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Neonatal susceptibility to meningitis results from the immaturity of epithelial barriers and gut microbiota

Abstract : Neonates are highly susceptible to bacterial meningitis as compared to children and adults. Group B streptococcus (GBS) is a major cause of neonatal meningitis. Neonatal meningitis can result from GBS intestinal colonization and translocation across the intestinal barrier (IB). Here, we show that the immaturity of the neonatal intestinal microbiota results in low resistance to GBS intestinal colonization and higher permissiveness of the gut vascular barrier. Additionally, the age-dependent but microbiota-independent Wnt activity in intestinal and choroid plexus (CP) epithelia results in a lower degree of cell-cell junctions’ polarization which favors bacterial translocation. This study reveals that neonatal susceptibility to GBS meningitis results from the age-dependent immaturity of the microbiota and developmental pathways associated with neonatal tissue growth, which concur to GBS gut colonization, systemic dissemination and neuroinvasion. Whereas the activation of developmental pathways is intrinsic to neonates, interventions aimed at maturing the microbiota may help prevent neonatal meningitis.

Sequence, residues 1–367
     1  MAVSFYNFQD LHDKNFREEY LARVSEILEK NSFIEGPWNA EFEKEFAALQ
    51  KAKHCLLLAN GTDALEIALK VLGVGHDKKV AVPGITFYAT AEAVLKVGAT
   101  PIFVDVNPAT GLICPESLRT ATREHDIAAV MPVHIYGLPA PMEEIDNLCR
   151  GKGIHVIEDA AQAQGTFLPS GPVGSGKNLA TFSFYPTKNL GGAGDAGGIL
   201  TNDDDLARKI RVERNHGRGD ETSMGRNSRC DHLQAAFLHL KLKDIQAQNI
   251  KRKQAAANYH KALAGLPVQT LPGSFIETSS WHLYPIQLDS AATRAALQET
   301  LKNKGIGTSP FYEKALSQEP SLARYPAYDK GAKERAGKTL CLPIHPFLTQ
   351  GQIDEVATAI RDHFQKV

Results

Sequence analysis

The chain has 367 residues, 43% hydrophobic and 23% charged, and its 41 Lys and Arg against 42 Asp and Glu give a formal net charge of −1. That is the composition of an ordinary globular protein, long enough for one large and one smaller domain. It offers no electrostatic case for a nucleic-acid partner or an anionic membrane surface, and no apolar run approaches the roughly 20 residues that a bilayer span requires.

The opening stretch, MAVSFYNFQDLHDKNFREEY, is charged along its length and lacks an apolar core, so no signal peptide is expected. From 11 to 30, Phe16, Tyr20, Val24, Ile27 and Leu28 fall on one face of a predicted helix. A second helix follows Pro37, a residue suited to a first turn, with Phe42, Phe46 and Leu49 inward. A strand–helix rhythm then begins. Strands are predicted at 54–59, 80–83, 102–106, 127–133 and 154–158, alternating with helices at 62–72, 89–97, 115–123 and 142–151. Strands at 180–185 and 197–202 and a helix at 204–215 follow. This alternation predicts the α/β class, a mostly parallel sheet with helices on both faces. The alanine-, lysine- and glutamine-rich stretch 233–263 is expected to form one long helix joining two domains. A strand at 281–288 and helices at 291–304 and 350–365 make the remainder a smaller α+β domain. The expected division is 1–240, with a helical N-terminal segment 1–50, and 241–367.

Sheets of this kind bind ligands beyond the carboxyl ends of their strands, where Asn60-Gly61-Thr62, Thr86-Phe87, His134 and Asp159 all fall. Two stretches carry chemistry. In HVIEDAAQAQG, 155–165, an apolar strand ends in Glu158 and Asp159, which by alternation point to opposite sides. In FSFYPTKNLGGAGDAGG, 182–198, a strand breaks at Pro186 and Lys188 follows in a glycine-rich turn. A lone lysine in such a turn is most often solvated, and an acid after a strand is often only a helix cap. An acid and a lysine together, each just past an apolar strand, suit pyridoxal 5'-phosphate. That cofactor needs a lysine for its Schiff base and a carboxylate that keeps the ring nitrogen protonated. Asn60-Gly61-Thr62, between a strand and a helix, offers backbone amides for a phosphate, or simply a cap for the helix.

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Submitted on : Tuesday, August 31, 2021 - 11:20:49 AM
Last modification on : Thursday, October 20, 2022 - 3:10:07 PM
Long-term archiving on: : Wednesday, December 1, 2021 - 9:01:48 PM


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Laetitia Travier, Mariana Alonso, Alessio Andronico, Lukas Hafner, Olivier Disson, et al.. Neonatal susceptibility to meningitis results from the immaturity of epithelial barriers and gut microbiota. Cell Reports, 2021, 35 (13), pp.109319. ⟨10.1016/j.celrep.2021.109319⟩. ⟨pasteur-03264312⟩



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